I would carefully rephrase that to when in doubt vote against everything
only because of the shenanigans that politicians keep using to try to put one over on the unsuspecting voters, where NO means YES and vice-versa.
For example Prop. 40, where voting NO means you don't agree with the Redstricting Commission (e.g. we draw the lines
) and you want the redistricting done some other (as yet unknown) way. What would probably happen, since who and how are not provided for by Prop. 40, is that the courts would need to get involved.
For some background on why there is currently no organized No on 40
support for Prop. 40, and why NO means YES (because it's a referendum) there is a writeup in LA Times editorial section here. Warning:
you may get a headache following all the twists and turns.
My new M.O. for the last several elections has been generally: NO
if it involves any new tax or fee; and vote for the non-incumbent
candidate, even if from the same party as the incumbent, especially so if the incumbent has had the job for more than one term already, because IMO none of them has done a very good job, and sitting in one place too long causes entrenchment and stagnation.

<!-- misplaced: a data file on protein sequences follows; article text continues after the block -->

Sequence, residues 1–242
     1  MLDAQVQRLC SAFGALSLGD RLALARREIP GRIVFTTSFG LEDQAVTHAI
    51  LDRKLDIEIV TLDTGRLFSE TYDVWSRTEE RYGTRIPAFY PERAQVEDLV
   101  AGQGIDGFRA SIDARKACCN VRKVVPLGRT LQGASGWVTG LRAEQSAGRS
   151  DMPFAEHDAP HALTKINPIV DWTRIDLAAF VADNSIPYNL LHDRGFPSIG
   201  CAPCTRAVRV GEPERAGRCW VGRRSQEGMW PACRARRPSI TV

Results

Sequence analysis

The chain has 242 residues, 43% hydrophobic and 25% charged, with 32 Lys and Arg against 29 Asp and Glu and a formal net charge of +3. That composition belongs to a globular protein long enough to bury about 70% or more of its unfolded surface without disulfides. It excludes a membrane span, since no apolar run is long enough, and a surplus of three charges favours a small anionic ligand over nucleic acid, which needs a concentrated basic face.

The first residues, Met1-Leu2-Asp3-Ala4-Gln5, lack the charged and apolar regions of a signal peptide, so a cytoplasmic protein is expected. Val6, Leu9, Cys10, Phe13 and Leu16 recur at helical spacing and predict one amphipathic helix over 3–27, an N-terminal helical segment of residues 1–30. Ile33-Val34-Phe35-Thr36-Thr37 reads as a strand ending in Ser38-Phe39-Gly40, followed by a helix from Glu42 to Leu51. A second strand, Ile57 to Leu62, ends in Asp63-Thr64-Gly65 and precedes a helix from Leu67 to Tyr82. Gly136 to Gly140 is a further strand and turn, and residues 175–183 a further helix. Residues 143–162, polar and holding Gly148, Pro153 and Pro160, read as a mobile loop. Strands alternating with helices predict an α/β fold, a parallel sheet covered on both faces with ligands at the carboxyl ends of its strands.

This new run-off election system we voted for ourselves in CA is making for some interesting candidate pairings in this November run-off. It's fun, although not especially instructive or useful, to see two candidates from the same party at each other's throats. Also my mailbox is inundated with political advertising
It's an especially long ballot this time around, at least for us in LA, and I think short attention span/sound bite mentallity plus voter burn-out means sadly more voters will take their recommendations from a pamphlet that arrives in their mailbox or an ad on the tube instead of doing some reading and thinking.PS: Steve doens't seem to have put an analysis together for the November election, or at least it's not on his website.